Obviously, none of the four moves came as a surprise, as we wrote Monday morning that the days of Damien Woody, Kris Jenkins, Jason Taylor and Vernon Gholston were numbered. Here's my take:
Woody: I don't understand the timing; it's not like there was a huge roster bonus due in the coming days. The Jets should've held on to him, monitoring his rehab from Achilles-tendon surgery. Woody will be healthy by the start of the season, and he's still an effective starter. He allowed only four sacks in 13 games, according to Stats, LLC.
The Jets will let second-year OL Vladimir Ducasse battle veteran Wayne Hunter for the starting job at right tackle, assuming they can re-sign Hunter. Just one problem: Ducasse never has played right tackle before. He also hasn't played a full NFL game at any position. You can hide an inexperienced player at guard (see Matt Slauson) and live with the growing pains, but it's hard to hide a guy at right tackle. Clearly, the Jets are placing a tremendous amount of faith in OL coach Bill Callahan.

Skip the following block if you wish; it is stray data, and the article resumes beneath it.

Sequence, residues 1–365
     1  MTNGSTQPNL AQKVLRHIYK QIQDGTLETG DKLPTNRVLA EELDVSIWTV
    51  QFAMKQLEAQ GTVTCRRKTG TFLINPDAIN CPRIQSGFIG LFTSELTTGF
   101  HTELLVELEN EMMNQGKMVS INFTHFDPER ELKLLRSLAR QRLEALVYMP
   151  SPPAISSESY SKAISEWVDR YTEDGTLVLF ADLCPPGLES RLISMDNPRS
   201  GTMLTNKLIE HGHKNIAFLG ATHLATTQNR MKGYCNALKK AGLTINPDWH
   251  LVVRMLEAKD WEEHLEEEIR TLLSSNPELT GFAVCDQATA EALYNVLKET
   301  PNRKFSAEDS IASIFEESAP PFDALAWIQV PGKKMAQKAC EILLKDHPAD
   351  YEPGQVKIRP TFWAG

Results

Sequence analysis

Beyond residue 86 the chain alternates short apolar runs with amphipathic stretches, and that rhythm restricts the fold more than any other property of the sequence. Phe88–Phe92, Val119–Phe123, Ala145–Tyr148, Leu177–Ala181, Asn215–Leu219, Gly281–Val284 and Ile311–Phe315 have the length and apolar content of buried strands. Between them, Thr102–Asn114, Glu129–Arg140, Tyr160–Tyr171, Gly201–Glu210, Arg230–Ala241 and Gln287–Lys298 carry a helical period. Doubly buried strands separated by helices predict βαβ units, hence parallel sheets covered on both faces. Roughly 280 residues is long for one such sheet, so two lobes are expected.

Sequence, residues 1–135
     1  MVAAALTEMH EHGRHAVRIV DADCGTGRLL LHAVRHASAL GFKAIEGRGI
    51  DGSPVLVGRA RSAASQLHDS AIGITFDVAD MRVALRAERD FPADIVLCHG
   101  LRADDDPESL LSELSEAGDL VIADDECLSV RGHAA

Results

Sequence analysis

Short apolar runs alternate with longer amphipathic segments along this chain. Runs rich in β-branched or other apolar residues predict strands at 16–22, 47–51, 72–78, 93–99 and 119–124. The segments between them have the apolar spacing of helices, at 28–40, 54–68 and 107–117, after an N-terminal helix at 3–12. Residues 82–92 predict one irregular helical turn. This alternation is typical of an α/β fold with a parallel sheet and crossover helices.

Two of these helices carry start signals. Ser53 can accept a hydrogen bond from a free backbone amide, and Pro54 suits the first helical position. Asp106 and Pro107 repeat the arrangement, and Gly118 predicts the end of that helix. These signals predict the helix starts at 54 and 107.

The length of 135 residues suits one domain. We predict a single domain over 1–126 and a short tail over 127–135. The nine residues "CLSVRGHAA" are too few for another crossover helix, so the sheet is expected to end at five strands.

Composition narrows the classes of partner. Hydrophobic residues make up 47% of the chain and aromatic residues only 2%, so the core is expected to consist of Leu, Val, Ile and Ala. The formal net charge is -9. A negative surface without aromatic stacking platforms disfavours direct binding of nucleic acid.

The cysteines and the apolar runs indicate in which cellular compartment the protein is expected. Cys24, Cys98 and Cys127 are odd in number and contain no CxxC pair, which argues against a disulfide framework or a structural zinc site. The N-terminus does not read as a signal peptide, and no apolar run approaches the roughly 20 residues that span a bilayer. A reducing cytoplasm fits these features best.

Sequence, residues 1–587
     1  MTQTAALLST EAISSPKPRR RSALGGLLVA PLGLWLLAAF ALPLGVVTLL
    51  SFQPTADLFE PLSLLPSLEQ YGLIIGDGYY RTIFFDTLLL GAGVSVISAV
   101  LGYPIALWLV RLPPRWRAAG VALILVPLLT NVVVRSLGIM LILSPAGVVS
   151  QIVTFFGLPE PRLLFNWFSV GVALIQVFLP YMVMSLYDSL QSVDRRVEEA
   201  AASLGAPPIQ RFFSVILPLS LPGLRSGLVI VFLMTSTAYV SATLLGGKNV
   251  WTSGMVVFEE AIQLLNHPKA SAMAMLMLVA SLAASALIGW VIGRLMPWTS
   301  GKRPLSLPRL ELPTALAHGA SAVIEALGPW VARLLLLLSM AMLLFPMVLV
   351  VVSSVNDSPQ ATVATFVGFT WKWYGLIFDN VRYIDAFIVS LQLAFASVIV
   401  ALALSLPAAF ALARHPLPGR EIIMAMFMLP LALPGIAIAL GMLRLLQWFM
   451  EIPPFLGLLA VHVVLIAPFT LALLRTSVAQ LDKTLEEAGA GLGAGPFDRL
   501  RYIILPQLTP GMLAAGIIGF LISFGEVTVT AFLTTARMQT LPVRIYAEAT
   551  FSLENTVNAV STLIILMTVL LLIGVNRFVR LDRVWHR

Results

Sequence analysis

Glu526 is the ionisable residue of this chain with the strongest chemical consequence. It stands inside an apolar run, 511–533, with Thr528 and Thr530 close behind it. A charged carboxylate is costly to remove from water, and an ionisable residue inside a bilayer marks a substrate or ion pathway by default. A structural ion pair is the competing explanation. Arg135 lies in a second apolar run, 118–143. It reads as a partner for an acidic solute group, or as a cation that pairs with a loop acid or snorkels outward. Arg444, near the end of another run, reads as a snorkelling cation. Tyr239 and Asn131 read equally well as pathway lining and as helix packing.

Jenkins: This is a tough one because we all know the type of player he is when healthy, but he hasn't been healthy since 2008 -- only seven games over the last two seasons. When you have that kind of injury history and the birth certificate says you're 31, there's no way to justify $4.75 million (including a $1 million roster bonus). There's an outside chance Jenkins could re-sign at a later date, for a lot less money, of course.
Taylor: He signed a two-year contract, but everybody knew this was a one-and-done. It was a worthwhile gamble that cost them only $1.75 million. Did Taylor play as well as they had hoped? No, but he wasn't terrible. But now he's 36 and it's time for him to dance into his next career.
Gholston: He had to go. If you preach accountability, as Rex Ryan does, there's no way you can give a non-productive player like Gholston a fourth chance. Three strikes and you're out. It was time for the Jets to admit their mistake and cut bait.